Smart contracts are an idea that date back to the 1990’s . Until very recently and practically speaking even now smart contracts are difficult if not impossible to create in practice. The implementation of a decentralized, trustless public ledger provided an important component for smart contracts to become practically viable. Some thinkers have taken the idea further and envisioned corporations or non-profit organizations structured as smart contracts. In 2014 a project called Ethereum  set out to create a platform devoted to smart contracts bringing smart contracts a step closer to reality. Ethereum went live on July 30 2015 . It is now possible to create in code (or with visual tools) a Decentralized Autonomous Organization (DAO)  on the Ethereum platform. How well a DAO fits in the real world, and the practical issues involved with creating a DAO is the focus of this report.
Virtual vs. Real World
A DAO can be created on a smart contract platform (Ethereum is the most popular one, but there are others). We will now list the key issues surrounding using a DAO to conduct business.
- DAOs have not been recognized yet by the legal system, and as such they may simply be treated as a piece of software belonging to the creators or parties who commissioned the creation of the DAO
- There are outstanding issues with liability of a DAO, if it has no defined legal structure, who is liable in the case of a lawsuit 
- A DAO should have a clear legal owner (otherwise the courts will ascribe one to it when needed), or perhaps be its own owner if the legal system allows corporations to be operated without human intervention.
- One way to utilize a DAO is to form a corporation where each director assigns agency to a common DAO. That way the directors are protected by the corporation, and the DAO has legal ability to conduct business as an agent of the directors.
- In a more complex scheme each director could be represented by a smart contract. These are then combined and a DAO is formed out of a combination of the individual smart contracts. Here of course care must be taken to design the smart contracts and the ‘combination’ DAO so that it does not go against the original purpose of the DAO. This approach is complex, but perhaps more desirable.
- We need to consider Agency Law? It has never been tested with respect to a DAO. So it is unclear, legally speaking, whether a DAO can act as an agent of a traditional corporate structure, or even a director of such a structure.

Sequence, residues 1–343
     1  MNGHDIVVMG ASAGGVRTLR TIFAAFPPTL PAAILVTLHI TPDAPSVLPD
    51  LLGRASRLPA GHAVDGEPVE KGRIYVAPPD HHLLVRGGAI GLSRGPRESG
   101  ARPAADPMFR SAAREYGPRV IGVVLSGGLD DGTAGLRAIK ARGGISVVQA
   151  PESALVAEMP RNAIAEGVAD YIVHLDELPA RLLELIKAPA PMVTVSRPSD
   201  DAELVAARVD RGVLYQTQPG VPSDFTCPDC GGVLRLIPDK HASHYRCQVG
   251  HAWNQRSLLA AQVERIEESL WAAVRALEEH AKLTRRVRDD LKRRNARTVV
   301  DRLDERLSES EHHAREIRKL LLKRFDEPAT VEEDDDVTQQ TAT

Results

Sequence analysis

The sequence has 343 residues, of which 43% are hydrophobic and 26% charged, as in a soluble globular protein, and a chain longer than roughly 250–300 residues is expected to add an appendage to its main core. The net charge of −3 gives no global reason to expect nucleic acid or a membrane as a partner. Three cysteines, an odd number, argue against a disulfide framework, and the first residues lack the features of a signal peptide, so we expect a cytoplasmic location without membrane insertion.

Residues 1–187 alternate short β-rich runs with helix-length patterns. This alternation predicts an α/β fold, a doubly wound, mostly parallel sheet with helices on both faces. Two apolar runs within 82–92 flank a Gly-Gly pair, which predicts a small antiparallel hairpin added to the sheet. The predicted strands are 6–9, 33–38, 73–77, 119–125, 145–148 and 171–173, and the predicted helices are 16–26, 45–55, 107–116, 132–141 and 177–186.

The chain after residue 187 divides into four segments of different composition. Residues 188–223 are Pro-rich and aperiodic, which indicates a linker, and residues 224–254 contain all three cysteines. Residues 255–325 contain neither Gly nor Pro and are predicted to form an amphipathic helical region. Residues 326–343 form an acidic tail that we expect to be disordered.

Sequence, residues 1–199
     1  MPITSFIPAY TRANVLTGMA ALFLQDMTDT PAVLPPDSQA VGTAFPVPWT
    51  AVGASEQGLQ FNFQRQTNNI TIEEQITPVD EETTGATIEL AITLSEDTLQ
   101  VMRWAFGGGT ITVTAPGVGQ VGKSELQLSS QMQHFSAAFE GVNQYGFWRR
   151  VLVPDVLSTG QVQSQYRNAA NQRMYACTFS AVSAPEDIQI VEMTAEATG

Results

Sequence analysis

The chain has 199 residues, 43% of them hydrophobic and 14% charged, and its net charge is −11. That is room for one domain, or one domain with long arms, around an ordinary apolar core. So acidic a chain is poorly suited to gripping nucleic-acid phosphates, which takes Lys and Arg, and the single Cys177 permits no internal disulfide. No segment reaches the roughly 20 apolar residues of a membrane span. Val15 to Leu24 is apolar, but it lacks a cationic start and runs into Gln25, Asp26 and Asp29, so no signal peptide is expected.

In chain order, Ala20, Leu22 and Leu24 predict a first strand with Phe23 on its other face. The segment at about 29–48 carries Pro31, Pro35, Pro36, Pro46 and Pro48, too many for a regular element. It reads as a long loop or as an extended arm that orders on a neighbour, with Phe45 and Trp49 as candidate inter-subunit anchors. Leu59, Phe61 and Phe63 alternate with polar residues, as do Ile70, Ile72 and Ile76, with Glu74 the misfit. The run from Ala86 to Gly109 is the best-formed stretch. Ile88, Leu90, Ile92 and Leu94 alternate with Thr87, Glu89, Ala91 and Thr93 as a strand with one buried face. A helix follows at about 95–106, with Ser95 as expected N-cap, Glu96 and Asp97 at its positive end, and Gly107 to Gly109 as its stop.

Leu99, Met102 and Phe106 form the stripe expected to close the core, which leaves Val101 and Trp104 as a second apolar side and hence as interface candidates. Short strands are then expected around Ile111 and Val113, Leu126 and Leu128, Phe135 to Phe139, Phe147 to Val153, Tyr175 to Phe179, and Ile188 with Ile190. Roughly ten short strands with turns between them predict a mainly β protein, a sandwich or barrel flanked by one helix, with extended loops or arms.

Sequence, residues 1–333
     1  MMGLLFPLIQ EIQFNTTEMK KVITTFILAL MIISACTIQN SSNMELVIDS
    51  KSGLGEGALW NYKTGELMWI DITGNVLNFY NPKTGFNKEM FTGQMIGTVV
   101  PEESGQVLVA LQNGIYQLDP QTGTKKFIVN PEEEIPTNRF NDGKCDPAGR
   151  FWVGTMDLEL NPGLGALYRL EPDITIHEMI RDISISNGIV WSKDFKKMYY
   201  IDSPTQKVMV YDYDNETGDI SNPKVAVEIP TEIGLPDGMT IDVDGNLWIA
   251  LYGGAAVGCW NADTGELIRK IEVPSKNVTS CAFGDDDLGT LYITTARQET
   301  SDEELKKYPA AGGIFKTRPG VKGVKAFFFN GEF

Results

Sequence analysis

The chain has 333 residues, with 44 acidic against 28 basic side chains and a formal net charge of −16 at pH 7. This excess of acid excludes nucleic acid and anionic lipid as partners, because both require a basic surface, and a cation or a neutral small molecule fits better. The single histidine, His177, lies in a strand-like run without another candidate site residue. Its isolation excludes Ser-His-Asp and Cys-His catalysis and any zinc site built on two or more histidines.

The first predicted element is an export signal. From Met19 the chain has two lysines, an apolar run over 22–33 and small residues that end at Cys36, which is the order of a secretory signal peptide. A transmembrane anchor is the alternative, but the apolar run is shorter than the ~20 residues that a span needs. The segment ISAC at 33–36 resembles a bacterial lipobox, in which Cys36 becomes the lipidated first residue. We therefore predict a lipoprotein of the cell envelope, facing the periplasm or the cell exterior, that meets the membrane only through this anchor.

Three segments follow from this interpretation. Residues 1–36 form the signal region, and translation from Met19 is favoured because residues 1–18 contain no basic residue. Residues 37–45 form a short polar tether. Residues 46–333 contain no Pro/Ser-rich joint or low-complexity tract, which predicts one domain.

- A DAO’s rules are meant to be encoded for the duration of its existence; as such a DAO would have a hard time evolving to the ever changing regulation. A change in regulatory regime may deem the DAO obsolete.
- Interaction with the real world. The DAO has no ability to deal with fiat currencies, no ability to open and operate a traditional bank account, and no well-defined legal means to own property (other than property tied to a blockchain)
- Input of real world information is still an unsolved issue. There will be third party services providing information called oracles , but the trust associated with these services is unproven. Regardless, providing information from the outside world to DAOs is an issue.
Benefits of DAO
- Strict adherence to the coded set of rules.
- Minimizes (or eliminates entirely) corruption. A DAO cannot be bribed – it simply does what its code is written to do.
- Governance is fair and decentralized 
- Improved transparency and audit compliance
While DAOs will undoubtedly enjoy a bright future, they are currently not ready yet for mainstream businesses. It will take a few trailblazers to compel the the legal systems to deal with DAOs. Until such time this author would not advise the board to consider using a DAO as a corporate structure. It is perhaps worth trying out on a project basis under the umbrella of an incorporated company. While DAOs have many benefits, they also face an uncertain legal definition and treatment. Perhaps the biggest issue concerning a DAO is that of liability. Furthermore there are practical limitations in deploying a DAO. The blockchain ecosystem is not fully ready or able to interface with the rest of the world.
 Nakamoto, Satoshi. “Bitcoin: A peer-to-peer electronic cash system.” (2008).
 Wood, Gavin. “Ethereum: A secure decentralised generalised transaction ledger.” Ethereum Project Yellow Paper (2014).